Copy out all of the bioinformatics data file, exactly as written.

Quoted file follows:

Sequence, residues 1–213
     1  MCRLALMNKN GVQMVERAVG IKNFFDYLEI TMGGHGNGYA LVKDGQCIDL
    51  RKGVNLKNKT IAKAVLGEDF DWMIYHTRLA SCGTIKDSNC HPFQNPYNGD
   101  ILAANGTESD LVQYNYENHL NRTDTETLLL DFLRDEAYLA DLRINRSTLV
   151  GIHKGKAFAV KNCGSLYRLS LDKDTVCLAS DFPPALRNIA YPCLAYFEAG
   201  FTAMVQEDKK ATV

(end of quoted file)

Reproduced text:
Sequence, residues 1–213
     1  MCRLALMNKN GVQMVERAVG IKNFFDYLEI TMGGHGNGYA LVKDGQCIDL
    51  RKGVNLKNKT IAKAVLGEDF DWMIYHTRLA SCGTIKDSNC HPFQNPYNGD
   101  ILAANGTESD LVQYNYENHL NRTDTETLLL DFLRDEAYLA DLRINRSTLV
   151  GIHKGKAFAV KNCGSLYRLS LDKDTVCLAS DFPPALRNIA YPCLAYFEAG
   201  FTAMVQEDKK ATV